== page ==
The aftermath of the 1848 French Revolution, followed by such events as two world wars, the Dreyfus affair, even the construction of the Eiffel Tower: The period between 1850 and 1950 saw exceptional political and social disruption in France. It was also a time of revolutionary change in Western art, with France at the centre of that transformation. From the centuries-old French Academy of Painting and Sculpture tradition sprang a resistance, leading to the avant-garde: Impressionism, Fauvism, Cubism, Surrealism and Abstraction. This trajectory is the subject of the exhibition French Moderns: Monet to Matisse, 1850-1950, which recently opened at the Vancouver Art Gallery. The show was organized by the Brooklyn Museum, one of the earliest institutional collectors of French Modernist works in the United States.
With 63 works, the show (which was at the Winnipeg Art Gallery last summer) moves quickly through the century in what VAG senior curator Bruce Grenville calls “a headlong rush.”
I felt that rush, too, but first I had to get past the show’s title. The dates didn’t make sense to me – Monet turned 10 in 1850 and Matisse was born on New Year’s Eve in 1869, so how could their work cover the span of this exhibition? I accept that this is roughly (and generously) the period of their productive lifetimes, as Monet was born in 1840 and Matisse died in 1954. But anyone expecting a pile of work from either artist may be disappointed; the show includes three works by Matisse and only one by Monet, despite the star billing.
Further, Monet, perhaps the most celebrated French Impressionist, is not the correct starting point for this show; nor is Matisse its proper end. The correct starting point would more accurately be Gustave Courbet, Jean-François Millet or Jules Breton, whose early groundbreaking resistance of the Academy’s control paved the way for everything else. (But those names won’t sell as many tickets.)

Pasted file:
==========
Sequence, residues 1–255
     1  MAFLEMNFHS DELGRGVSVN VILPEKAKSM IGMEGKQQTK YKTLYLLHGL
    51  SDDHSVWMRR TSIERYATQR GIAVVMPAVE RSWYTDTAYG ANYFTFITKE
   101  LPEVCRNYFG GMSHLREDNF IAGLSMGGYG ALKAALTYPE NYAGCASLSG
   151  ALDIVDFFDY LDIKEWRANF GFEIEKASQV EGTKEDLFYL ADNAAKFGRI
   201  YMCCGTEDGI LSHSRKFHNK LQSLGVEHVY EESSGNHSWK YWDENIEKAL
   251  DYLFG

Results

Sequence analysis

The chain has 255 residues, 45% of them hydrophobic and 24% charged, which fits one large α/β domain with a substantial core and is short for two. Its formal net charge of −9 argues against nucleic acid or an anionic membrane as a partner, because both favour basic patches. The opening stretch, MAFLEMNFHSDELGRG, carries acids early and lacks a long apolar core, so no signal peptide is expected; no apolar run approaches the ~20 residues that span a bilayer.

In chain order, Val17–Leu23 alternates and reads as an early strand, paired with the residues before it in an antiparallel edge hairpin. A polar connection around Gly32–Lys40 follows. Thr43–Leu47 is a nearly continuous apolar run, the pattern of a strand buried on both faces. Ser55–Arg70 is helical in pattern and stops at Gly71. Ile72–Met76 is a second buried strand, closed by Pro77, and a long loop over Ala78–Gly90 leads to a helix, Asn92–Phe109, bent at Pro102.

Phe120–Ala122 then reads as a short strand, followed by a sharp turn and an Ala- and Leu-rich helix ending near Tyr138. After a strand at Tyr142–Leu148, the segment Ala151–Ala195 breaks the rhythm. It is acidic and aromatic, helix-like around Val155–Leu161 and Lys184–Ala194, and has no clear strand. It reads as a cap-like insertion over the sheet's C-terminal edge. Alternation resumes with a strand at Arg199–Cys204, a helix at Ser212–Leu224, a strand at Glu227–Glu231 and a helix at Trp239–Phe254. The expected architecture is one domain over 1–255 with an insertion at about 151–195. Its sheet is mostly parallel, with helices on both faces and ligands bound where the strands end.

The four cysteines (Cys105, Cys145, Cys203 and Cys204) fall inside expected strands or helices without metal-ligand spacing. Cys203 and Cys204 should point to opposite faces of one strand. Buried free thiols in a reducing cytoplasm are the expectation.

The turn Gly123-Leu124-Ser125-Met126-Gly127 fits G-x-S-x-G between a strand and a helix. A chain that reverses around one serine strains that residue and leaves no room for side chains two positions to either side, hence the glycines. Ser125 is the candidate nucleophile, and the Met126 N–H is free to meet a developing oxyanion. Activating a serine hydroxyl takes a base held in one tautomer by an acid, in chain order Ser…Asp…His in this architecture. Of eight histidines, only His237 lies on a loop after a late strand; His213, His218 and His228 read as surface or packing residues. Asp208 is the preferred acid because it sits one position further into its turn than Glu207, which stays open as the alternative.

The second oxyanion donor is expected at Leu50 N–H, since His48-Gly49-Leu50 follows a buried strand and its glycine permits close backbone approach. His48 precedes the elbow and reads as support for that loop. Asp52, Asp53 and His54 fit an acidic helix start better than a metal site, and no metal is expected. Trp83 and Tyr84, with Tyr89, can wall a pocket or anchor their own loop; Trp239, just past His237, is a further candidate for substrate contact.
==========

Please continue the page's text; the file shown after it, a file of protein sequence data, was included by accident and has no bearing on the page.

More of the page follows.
As for the end point of the show, while the latest piece is a 1946 painting by Yves Tanguy, the utterly captivating Les Plongeurs Polychromes (1941-42) by Fernand Léger felt like the natural end for me.
But first, to the beginning.
The French Academy, established in 1648, controlled the universe in which artists operated. A certain aesthetic was valued, exhibitions were juried, and there was a hierarchy of genres: history painting (depicting specific scenes from history, the Bible and mythology) at the top, followed by portraiture, genre pictures, landscapes and still life paintings.
French Moderns begins with a few textbook examples of the Academic tradition, including Jean-Léon Gérôme’s The Carpet Merchant of Cairo (1869), with its highly detailed, very smooth surface and no hint of brushwork. You can almost feel the rug, looking at it. Next to it is Jehan Georges Vibert’s An Embarrassment of Choices (A Difficult Choice), painted before 1873, where a cardinal in red robes bends over, hat behind his back, to sniff an ornate bouquet of flowers. The earliest piece in the show is also in this section, The Little Cook (1858) by Pierre-Édouard Frère, who found great success in the traditional Academy system.
But then, a break from the Academy. A resistance grew, with artists challenging the status quo by turning away from these traditions, with brushwork that created a mood rather than a polished, realistic picture. A fine example of this is Courbet’s The Wave (c. 1869), a raw, evocative seascape.
Postrevolution, workers were lionized as subject matter, as in Breton’s magnificent The End of the Working Day (1886-87) and Millet’s Shepherd Tending His Flock (early 1860s), described in the accompanying catalogue by co-editor Lisa Small as “simultaneously heroic and bleak.”
The best-known rebels of the French Academy were the Impressionists, whose landmark first major exhibition in 1874 included work by Monet, Renoir, Pissarro, Alfred Sisley, Eugène Boudin and Berthe Morisot, all of whom are represented in this exhibition.